Mr. Frankel is appearing courtesy of Bloomsbury - Macmillan
Glenn Frankel is an author and journalist, based in Arlington Virginia. His most recent position was director of the School of Journalism and G.B. Dealey Regents Professor at the University of Texas at Austin, and he also spent four years as a visiting journalism professor at Stanford University. He was a longtime Washington Post reporter, editor and bureau chief in London, Southern Africa and Jerusalem, where he won the 1989 Pulitzer Prize for International Reporting for “balanced and sensitive reporting” of Israel and the first Palestinian uprising. He also served as editor of the Washington Post Magazine. His most recent book is “High Noon: The Hollywood Blacklist and the Making of an American Classic.” His first book, “Beyond the Promised Land: Jews and Arabs on the Hard Road to a New Israel,” won the National Jewish Book Award. His second, “Rivonia’s Children: Three Families and the Cost of Conscience in White South Africa,” was a finalist for the Alan Paton Award, South Africa’s most prestigious literary prize. His third, “The Searchers: The Making of an American Legend,” published by Bloomsbury in 2013, was a New York Times and Los Angeles Times bestseller.
Frankel's latest book is, "High Noon: The Hollywood Blacklist and the Making of an American Classic."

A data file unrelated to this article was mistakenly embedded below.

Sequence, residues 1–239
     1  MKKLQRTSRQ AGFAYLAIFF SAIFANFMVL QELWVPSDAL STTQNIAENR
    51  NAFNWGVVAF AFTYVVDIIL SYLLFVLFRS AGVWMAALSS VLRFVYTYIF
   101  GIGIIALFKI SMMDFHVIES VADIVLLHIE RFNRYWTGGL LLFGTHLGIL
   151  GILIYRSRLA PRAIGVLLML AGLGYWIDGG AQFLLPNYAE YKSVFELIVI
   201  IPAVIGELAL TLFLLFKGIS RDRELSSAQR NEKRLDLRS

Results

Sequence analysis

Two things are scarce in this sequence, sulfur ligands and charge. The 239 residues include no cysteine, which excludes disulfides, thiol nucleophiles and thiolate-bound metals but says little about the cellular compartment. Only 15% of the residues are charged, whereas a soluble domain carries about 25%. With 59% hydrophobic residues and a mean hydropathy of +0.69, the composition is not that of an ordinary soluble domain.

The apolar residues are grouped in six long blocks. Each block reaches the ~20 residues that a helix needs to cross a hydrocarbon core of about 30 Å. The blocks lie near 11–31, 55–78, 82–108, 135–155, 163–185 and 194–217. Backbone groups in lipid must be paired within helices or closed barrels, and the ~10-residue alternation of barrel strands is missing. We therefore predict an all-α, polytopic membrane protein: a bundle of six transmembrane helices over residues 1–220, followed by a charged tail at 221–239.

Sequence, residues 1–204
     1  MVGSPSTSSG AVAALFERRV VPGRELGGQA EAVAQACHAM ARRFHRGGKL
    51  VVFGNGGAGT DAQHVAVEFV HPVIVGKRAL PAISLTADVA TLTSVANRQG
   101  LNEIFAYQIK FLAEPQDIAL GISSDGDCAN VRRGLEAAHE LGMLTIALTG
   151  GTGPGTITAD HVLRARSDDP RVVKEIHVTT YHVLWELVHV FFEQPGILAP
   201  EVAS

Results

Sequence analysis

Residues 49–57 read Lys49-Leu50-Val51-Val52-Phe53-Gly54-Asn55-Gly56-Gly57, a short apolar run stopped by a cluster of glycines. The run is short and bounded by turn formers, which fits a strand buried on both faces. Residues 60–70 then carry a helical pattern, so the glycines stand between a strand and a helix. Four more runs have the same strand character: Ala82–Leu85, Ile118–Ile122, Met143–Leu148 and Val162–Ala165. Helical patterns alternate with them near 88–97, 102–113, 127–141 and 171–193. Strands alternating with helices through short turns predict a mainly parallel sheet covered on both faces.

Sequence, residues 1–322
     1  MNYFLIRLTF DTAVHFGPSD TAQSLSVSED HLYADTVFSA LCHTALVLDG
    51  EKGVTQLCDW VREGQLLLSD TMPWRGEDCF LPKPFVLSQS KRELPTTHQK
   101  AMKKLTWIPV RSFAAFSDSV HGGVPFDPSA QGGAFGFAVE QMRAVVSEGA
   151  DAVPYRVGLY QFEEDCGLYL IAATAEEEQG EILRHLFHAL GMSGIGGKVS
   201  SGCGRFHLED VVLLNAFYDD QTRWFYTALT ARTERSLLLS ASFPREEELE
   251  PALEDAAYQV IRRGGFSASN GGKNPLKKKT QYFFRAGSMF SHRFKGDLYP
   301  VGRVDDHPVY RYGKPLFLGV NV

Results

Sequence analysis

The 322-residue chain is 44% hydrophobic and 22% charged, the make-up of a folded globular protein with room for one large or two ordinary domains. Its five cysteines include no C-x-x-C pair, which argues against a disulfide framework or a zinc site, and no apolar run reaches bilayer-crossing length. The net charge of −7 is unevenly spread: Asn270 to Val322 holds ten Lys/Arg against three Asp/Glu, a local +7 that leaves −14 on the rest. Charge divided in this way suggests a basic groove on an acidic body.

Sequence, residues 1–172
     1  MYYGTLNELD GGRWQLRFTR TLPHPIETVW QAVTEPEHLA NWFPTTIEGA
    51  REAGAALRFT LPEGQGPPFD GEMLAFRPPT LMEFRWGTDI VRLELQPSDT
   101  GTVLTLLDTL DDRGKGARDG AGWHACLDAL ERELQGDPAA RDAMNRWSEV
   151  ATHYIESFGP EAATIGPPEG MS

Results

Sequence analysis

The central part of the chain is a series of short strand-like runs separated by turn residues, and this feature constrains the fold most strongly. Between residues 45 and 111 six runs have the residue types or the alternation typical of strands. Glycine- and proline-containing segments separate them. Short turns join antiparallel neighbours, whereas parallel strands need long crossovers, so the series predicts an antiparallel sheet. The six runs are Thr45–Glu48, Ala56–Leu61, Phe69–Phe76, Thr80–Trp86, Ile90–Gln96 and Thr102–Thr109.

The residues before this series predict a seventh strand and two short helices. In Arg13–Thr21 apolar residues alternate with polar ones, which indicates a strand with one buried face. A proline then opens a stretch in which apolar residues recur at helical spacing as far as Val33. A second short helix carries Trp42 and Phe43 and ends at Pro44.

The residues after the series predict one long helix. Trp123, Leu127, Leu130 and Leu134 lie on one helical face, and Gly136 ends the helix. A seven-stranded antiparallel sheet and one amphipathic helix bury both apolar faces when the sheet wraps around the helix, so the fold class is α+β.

It's one of the most revered movies of Hollywood's golden era. Starring screen legend Gary Cooper and Grace Kelly in her first significant film role, High Noon was shot on a lean budget over just thirty-two days but achieved instant box-office and critical success. It won four Academy Awards in 1953, including a best actor win for Cooper. And it became a cultural touchstone, often cited by politicians as a favorite film, celebrating moral fortitude.
Yet what has been often overlooked is that High Noon was made during the height of the Hollywood blacklist, a time of political inquisition and personal betrayal. In the middle of the film shoot, screenwriter Carl Foreman was forced to testify before the House Committee on Un-American Activities about his former membership in the Communist Party. Refusing to name names, he was eventually blacklisted and fled the United States. (His co-authored screenplay for another classic, The Bridge on the River Kwai, went uncredited in 1957.) Examined in light of Foreman's testimony, High Noon's emphasis on courage and loyalty takes on deeper meaning and importance.